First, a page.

AIA Lecture - Early Hellenistic royal ideology in the marine thiasos of the neorion on Delos

Lecture | April 18 | 7 p.m. | 370 Dwinelle Hall

 Kristian L. Lorenzo, Monmouth College

 Archaeological Institute of America - San Francisco Society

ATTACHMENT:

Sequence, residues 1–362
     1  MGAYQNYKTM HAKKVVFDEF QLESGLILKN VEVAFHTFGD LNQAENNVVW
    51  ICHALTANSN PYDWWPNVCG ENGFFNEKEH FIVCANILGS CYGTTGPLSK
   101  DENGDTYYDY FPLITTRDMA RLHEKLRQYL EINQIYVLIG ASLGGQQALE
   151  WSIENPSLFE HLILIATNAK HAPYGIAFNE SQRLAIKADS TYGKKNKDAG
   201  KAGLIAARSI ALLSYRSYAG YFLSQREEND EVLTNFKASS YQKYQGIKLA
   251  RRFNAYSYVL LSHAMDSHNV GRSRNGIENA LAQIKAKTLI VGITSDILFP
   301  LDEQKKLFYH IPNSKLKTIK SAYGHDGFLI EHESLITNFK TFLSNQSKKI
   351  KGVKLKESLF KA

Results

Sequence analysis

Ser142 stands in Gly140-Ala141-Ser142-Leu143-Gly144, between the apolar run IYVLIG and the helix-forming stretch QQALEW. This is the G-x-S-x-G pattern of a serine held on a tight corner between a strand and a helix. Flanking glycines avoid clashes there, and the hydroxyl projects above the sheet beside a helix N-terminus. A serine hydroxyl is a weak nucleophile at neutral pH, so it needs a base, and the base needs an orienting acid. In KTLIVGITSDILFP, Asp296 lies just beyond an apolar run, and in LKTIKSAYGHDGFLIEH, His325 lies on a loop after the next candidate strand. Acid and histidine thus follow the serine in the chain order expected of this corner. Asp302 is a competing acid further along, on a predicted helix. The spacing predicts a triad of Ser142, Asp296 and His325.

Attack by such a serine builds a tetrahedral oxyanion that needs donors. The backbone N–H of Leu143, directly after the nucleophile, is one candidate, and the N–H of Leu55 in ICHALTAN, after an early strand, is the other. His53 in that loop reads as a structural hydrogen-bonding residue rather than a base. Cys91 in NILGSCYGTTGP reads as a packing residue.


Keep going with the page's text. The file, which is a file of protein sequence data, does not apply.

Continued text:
In Greek mythology the most important thiasos, or procession of individuals dancing and singing in honor of a god, was that of Dionysios and his followers or just his followers. Its aquatic counterpart, the marine thiasos, included Poseidon (sometimes), Nereids and Tritons accompanied by both mythical and real marine creatures. Demetrios Poliorketes built the neorion on Delos to house a dedicated warship and decorated it with a monumental marine thiasos celebrating his naval victory at Cypriot Salamis (ca. 306 B.C.). Scholars have mostly concentrated on the physical placement of the neorion’s thiasos, while noting that its fragmentary condition makes its meaning largely lost. In this lecture based on the archaeological and textual evidence as well as the historical context I argue that the meaning of neorion’s thiasos can be reconstructed and given its placement on a naval victory monument, conveyed aspects of early Hellenistic royal ideology.